East Asia Summit Senior Officials’ Meeting held online
ASEAN countries and partners that are members of the East Asia Summit (EAS) have committed to promoting substantive cooperation to enhance their responsiveness to and minimise the negative impacts of the COVID-19 pandemic.
They made the pledge at the teleconferenced EAS Senior Officials’ Meeting late on July 20, chaired by Deputy Foreign Minister Nguyen Quoc Dung from Viet Nam, which is Chair of ASEAN and the EAS in 2020.
The summit was attended by representatives from the ten ASEAN members together with Australia, China, India, Japan, New Zealand, the Republic of Korea, Russia, and the US, along with an ASEAN Deputy Secretary-General.
Participating countries reaffirmed that the EAS is a forum for regional leaders to discuss strategic regional issues. They agreed to press on with current priority areas of cooperation, including the environment, energy, education, finance, healthcare, disease outbreak response, disaster management, connectivity, economy, trade, food security, and maritime cooperation.
On the occasion of the EAS’s 15th founding anniversary, ASEAN and its partners in the forum agreed to work closely to devise directions for enhancing EAS’s role in the new circumstances, thus actively contributing to dialogue and cooperation to maintain peace, security, prosperity, and an effective response to emerging challenges in the region.
In particular, they unanimously supported several proposed documents to be tabled at the 15th EAS, slated for October, which deal with celebrating the EAS’s 15th anniversary, enhancing sustainable maritime cooperation, promoting stable regional economic growth, and women’s role in ensuring peace and security.
The EAS partners affirmed that they attach importance to ASEAN’s central role in the regional architecture and highly value Viet Nam’s ASEAN Chairmanship in coordinating the bloc and its partners’ efforts to boost cooperation in response to COVID-19, such as the establishment of the ASEAN COVID-19 Response Fund and a regional stockpile of medical supplies.
Meanwhile, ASEAN asked its partners to help it improve capacity in preventive medicine while coordinating closely in information and experience sharing, the development and production of COVID-19 vaccines and medicine, the recovery and maintenance of economic connectivity, and the promotion of sustainable growth.
Countries also discussed regional and international issues of shared concern, including the situation on the Korean Peninsula and in the South China Sea, Rakhine State in Myanmar, and Hong Kong in China.
Regarding the South China Sea issue, they emphasised the importance of peace, stability, security, safety, and freedom of navigation and aviation in the waters, which are of common interest to all.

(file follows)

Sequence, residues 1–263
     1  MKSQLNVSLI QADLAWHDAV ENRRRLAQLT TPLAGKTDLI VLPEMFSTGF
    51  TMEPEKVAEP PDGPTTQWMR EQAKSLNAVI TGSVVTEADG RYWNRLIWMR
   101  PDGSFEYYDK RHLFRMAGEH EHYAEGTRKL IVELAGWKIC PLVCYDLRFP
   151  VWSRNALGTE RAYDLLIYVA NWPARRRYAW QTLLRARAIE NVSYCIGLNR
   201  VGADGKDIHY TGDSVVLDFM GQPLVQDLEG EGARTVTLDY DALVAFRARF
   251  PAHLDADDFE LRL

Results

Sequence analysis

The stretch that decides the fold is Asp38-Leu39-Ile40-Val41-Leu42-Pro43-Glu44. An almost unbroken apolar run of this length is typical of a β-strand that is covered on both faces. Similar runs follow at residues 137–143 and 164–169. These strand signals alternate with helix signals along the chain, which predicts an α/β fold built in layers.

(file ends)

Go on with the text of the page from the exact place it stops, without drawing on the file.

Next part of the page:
Participants voiced concerns about recent developments in the waters, which they said have negatively affected peace, security, and the rule of law in the region.
They stressed the necessity to promote dialogue and trust building; to refrain from actions that can escalate tensions or complicate the situation, militarisation, or the use of or threat to use force; and to resolve disputes by peaceful means on the basis of international law, including the 1982 UN Convention on the Law of the Sea (UNCLOS).
The countries also called on ASEAN and China to fully and effectively implement the Declaration on the Conduct of Parties in the South China Sea (DOC) and strive to soon finalise an effective Code of Conduct (COC) that matches international law and are recognised by the international community.
During the event, Deputy Foreign Minister Nguyen Quoc Dung underlined the need to promote the EAS Chair’s coordinating role in cooperation activities; improve coordination and complementarity between the EAS and other ASEAN-led mechanisms like the ASEAN Plus Three, the ASEAN Regional Forum, and the Expanded ASEAN Maritime Forum; and foster the EAS’s role in responding to emerging challenges in the region.
In terms of the South China Sea issue, he stressed the principled stance stated at the 36th ASEAN Summit, asking relevant parties to respect law, exercise self-restraint, not take actions that complicate the situation, not carry out militarisation activities, and to settle disputes by peaceful means.
The officials underscored the need to continue the full and effective implementation of the DOC and to strive to overcome pandemic-induced difficulties so as to quickly finalise an efficient and effective COC that is in line with international law, in particular the 1982 UNCLOS, thus contributing to peace, security, and stability in the South China Sea and the region./.